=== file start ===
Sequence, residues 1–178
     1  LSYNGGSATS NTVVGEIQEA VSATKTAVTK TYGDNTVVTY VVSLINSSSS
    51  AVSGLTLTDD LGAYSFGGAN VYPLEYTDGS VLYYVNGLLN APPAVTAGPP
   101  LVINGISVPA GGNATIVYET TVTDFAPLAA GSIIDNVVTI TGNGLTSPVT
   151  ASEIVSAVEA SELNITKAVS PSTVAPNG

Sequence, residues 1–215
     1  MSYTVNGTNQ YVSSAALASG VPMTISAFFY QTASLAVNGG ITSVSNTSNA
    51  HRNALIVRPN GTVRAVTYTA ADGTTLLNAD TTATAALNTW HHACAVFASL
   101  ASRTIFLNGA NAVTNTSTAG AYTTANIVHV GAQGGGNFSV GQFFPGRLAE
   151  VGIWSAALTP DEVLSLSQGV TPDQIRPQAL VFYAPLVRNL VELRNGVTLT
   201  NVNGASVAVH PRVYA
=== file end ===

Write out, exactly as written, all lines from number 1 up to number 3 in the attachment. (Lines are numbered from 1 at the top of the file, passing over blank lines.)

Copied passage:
Sequence, residues 1–178
     1  LSYNGGSATS NTVVGEIQEA VSATKTAVTK TYGDNTVVTY VVSLINSSSS
    51  AVSGLTLTDD LGAYSFGGAN VYPLEYTDGS VLYYVNGLLN APPAVTAGPP